Feig often heard from even the most faithful fan that, on occasion, the show was just too hard to watch. Maybe it was the episode where stoner Nick, the would-be drummer, goes to audition with his favorite band and can barely keep up, much less keep time. Maybe it was the Halloween episode, where gawky Bill goes out dressed as a woman, echoing Feig's own distant disgrace. Maybe it was the episode where Lindsay, forever caught between the freaks and the geeks, ditches them all to explore the open road as a newly minted Deadhead. Or maybe it was the episode where Sam realizes his longtime crush isn't worth it since she doesn't love The Jerk.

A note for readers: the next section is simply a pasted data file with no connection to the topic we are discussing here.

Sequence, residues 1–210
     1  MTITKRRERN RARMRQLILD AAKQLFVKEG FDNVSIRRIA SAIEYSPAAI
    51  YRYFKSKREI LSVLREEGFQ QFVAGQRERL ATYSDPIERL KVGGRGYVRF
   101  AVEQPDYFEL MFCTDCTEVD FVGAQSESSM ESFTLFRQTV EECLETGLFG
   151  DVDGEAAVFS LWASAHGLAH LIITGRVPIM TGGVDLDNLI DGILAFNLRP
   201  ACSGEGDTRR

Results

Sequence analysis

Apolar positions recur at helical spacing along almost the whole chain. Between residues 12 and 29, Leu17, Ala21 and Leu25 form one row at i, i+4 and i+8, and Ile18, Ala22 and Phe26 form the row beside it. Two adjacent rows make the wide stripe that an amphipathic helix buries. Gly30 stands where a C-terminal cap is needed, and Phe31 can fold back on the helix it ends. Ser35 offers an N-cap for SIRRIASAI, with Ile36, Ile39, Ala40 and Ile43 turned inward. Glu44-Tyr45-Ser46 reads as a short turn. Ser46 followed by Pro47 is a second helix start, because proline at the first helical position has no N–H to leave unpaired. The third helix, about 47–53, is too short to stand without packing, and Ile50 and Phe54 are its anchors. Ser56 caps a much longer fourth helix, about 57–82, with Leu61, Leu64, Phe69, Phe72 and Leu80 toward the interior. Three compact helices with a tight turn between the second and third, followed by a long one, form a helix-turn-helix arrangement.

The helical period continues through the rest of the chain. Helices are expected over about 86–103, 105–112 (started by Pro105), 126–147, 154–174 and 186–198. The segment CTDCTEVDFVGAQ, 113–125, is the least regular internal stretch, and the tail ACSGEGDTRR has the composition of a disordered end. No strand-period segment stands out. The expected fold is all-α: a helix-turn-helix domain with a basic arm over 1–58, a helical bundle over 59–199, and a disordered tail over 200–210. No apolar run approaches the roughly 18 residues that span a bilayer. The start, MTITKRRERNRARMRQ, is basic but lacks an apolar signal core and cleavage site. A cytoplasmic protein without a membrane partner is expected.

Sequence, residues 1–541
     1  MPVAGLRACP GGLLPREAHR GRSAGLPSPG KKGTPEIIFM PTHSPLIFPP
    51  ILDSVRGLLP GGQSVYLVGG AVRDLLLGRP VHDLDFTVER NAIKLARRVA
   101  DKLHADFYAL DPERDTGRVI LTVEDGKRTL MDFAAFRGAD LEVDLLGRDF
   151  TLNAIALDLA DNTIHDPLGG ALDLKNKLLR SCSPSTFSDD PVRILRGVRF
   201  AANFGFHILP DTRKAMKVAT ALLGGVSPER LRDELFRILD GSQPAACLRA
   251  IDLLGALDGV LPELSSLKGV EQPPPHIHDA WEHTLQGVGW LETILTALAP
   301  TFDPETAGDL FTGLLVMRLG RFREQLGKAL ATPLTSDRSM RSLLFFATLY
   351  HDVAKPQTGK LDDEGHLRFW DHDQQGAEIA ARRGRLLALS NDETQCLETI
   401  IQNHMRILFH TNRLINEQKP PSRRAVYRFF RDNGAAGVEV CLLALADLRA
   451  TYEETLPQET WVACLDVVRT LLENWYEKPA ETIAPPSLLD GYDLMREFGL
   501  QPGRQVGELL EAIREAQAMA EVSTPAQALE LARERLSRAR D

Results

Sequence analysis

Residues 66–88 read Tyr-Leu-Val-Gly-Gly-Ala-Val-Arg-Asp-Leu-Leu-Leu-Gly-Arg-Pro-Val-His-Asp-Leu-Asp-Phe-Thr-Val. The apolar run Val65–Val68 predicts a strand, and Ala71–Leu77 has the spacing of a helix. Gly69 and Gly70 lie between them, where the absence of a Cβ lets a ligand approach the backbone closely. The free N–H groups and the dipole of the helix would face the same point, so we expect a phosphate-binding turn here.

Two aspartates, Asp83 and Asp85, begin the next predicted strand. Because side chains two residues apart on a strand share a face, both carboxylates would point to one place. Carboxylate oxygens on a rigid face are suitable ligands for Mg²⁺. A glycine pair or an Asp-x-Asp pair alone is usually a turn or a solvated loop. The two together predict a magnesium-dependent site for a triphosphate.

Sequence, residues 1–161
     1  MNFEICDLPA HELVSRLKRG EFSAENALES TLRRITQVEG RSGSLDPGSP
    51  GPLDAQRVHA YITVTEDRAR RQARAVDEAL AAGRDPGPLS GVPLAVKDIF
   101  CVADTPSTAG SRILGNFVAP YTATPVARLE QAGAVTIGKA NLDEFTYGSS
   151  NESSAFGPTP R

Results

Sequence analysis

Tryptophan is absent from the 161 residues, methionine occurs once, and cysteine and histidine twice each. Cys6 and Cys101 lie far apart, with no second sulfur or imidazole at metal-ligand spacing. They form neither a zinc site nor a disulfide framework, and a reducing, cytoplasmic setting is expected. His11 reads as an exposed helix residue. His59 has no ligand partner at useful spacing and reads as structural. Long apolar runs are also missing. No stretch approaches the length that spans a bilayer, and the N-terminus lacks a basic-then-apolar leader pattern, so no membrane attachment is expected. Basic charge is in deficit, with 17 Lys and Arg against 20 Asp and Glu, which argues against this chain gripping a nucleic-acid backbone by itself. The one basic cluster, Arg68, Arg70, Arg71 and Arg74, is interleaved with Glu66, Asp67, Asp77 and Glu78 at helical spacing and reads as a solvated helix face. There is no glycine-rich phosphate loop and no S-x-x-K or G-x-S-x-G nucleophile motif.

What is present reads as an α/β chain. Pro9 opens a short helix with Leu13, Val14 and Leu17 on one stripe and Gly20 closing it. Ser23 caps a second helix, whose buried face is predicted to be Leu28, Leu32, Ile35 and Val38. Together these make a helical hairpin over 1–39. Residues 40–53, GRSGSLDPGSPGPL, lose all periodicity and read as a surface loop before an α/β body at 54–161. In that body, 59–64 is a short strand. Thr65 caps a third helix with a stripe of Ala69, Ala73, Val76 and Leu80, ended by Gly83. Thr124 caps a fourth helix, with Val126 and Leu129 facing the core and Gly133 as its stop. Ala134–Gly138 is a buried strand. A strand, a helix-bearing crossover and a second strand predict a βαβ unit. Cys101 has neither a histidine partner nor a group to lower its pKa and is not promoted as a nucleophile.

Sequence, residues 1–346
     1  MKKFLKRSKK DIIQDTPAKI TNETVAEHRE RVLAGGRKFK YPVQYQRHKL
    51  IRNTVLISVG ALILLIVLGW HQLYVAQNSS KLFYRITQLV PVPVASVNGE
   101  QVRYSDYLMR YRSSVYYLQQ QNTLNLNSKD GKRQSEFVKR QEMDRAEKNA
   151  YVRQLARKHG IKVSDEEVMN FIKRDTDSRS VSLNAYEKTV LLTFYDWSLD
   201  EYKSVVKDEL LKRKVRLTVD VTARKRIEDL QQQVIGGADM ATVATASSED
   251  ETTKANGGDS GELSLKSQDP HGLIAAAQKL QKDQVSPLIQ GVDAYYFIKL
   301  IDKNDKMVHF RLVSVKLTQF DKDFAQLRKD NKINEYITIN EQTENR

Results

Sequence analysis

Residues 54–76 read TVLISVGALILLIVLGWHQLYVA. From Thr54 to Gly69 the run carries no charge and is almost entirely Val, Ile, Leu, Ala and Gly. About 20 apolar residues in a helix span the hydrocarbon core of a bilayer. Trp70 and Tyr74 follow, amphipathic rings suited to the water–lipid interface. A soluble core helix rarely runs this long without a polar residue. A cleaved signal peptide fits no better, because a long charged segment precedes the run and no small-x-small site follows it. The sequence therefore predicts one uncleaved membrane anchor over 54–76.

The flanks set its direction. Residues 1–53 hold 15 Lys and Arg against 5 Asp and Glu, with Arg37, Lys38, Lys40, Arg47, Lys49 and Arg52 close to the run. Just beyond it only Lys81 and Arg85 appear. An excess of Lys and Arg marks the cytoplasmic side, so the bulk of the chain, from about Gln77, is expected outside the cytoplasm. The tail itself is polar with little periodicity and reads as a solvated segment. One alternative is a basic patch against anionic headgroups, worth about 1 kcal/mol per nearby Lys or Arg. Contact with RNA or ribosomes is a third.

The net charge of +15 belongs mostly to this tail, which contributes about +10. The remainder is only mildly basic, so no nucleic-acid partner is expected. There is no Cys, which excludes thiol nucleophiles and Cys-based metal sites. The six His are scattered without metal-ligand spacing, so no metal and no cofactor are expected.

At a time when everybody was falling in love with Raymond, who looked and sounded like every other sitcom pop since Rob Petrie, Freaks and Geeks proved you could fashion meaningful comedic television out of very real and very bad nightmares. You laughed till you hurt, you hurt till you laughed, sometimes you watched with one eye shut, and other times, it was too hard to take with both closed.